“Obviously it’s not the start I was looking for. With the new team and new system and getting hurt in the preseason when you need that time to get used to everything, it wasn’t the best timing,” he said. “The first couple games I was timid out there but I feel the last few games I’ve been making more plays. The puck hasn’t gone in but I’m at least creating some chances.”
When asked whether the free-agent signee has to start producing, Head Coach Barry Trotz said, “Stalberg will have to get going here. He’s still learning us and we’re still learning him, but the games are going by now so he has to start producing.”
– Another player that hasn’t been as effective as the team had hoped is Filip Forsberg, who was a healthy scratch in Tuesday’s contest. He scored in his first game of the season but hasn’t found the back of the net in the past six games. Trotz wants to see Forsberg find another level in his game.
“He was looking, to me, a little bit tired. Sometimes with young guys the pace of the game picks up when you play night in and night out and it’s hard for young guys to do that night in and night out,” said Trotz, who mentioned Forsberg will return to the lineup on Thursday against Winnipeg.
– With 10 NHL games under his belt, Seth Jones has played his last game with the Portland Winterhawks. There really was no threat of him being sent back to junior because he’s been so good and so important to the Predators in the early going. But that didn’t cause the ever-humble 19-year-old to assume anything.
After the Predators’ sixth game he was asked if he’s pinched himself at any moment this month, considering his age and playing next to Shea Weber, etc. His response: “It’s just now feeling a little bit more real. I still have four more games here. Hopefully I can stick after nine or 10 games.”
Yeah, I think he’ll stick.
Here is a story I did on Jones for Sportsnet, on his ability to succeed in the NHL as a teenager. Another interesting read on Jones comes from Elliotte Friedman of CBC on how the Predators landed the stud defenseman at No. 4 overall.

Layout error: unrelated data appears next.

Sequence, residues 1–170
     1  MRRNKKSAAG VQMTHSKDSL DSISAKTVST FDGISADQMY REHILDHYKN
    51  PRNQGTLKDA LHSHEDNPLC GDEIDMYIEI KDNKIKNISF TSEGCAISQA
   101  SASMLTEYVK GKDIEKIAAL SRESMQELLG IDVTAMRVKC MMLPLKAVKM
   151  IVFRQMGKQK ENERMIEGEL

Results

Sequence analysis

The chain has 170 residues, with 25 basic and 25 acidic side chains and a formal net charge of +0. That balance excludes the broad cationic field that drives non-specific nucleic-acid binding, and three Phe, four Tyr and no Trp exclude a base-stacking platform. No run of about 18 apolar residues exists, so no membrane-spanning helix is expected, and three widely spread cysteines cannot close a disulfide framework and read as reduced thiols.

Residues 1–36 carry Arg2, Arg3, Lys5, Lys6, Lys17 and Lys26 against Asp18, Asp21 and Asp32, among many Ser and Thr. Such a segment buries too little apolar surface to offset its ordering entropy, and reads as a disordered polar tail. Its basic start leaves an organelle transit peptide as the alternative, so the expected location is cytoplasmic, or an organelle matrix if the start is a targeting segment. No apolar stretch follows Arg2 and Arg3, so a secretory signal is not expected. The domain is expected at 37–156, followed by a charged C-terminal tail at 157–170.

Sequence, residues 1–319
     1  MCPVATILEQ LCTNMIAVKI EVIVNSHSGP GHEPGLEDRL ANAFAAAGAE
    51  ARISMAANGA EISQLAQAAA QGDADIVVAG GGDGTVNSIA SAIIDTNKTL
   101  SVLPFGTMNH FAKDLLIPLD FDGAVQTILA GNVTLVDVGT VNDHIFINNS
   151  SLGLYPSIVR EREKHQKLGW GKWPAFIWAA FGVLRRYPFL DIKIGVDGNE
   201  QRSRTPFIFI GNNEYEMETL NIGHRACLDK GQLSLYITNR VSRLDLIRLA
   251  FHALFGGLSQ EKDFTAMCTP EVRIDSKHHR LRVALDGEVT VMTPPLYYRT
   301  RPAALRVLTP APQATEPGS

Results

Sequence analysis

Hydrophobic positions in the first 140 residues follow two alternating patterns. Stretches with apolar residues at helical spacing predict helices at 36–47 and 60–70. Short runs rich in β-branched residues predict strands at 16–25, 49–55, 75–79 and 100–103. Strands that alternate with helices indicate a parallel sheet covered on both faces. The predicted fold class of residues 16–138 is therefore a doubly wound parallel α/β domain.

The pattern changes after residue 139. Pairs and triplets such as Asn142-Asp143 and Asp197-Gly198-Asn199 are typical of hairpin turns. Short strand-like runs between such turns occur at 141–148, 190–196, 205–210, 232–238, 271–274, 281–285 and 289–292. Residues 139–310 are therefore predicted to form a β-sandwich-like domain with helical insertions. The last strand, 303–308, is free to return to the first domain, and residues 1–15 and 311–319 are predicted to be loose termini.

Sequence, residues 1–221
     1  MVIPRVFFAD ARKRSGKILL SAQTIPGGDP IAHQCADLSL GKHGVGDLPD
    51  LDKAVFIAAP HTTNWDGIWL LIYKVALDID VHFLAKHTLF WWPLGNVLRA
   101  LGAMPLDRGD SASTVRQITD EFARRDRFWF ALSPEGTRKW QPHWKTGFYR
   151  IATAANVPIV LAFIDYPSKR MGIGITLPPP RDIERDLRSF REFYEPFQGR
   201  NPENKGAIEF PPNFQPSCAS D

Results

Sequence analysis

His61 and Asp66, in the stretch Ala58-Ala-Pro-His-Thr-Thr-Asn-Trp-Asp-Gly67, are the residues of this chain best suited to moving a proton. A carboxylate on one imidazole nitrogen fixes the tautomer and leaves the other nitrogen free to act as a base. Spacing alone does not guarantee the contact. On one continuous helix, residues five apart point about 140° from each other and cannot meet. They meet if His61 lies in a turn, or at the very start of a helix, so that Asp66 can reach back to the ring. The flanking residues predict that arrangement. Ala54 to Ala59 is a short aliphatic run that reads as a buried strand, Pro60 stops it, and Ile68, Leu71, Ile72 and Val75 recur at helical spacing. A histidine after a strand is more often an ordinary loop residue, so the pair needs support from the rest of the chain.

– This past road trip was filled with homecomings for various Preds. Colin Wilson and Barry Trotz returned to Winnipeg. Gabriel Bourque played his first NHL game in his home province of Quebec. Matt Cullen, Matt Hendricks and Phil Housley were able to go back home to Minnesota.
It was an extra special weekend for Carter Hutton. Not only did he win his first NHL game on Sunday in Winnipeg, he did it in front of about 15 family and friends from Thunder Bay, Ontario, which is a nine-hour drive from Winnipeg. Hutton made 38 saves in the Preds’ 3-1 win against the Jets.
“It was great having my mom and dad there. I think my mom was a little more nervous than anybody, but it was fun. I hadn’t seen them in a while, so it was nice to see them during the day,” he said. “You never know when your first win is going to come, if at all. It was really exciting.”
– The story of the NHL right now is what’s happening in Colorado. Patrick Roy’s Avalanche, a new division rival of Nashville, is 8-1-0 through nine games and has won games in tough road cities: Toronto, Boston, Washington and Pittsburgh. They are also second in the league with a +16 goal differential.
The Avalanche beat the Predators, 3-1, in the second game of the season. When asked about his thoughts on the way that team looked up close compared to recent seasons, Nystrom said:
“They have a lot of good, young energy, a lot of high-end skill and obviously they are responding to a new coach. They have a lot of jump and are playing a good system,” he said. “That organization has a lot of history from when they were winning the Stanley Cup. It’s good to see them get back on top and it’s just another team we’ll have to battle against.”
Can the Avalanche keep up this lights-out play? We’ll see. We’ve seen some teams fizzle out after a hot start, but some never go away when pundits expect them to (see: Phoenix). Roy has certainly injected some new life into the Avs, which makes them a threat for a playoff spot in the West.
– Trotz joined 102.5 The Game’s The First Quarter on Wednesday morning for his weekly “Coffee with the Coach” segment, which can be heard here:
– If you missed Tom Callahan’s call of Seth Jones’ game-winner in Montreal on Saturday night, you can listen to it here: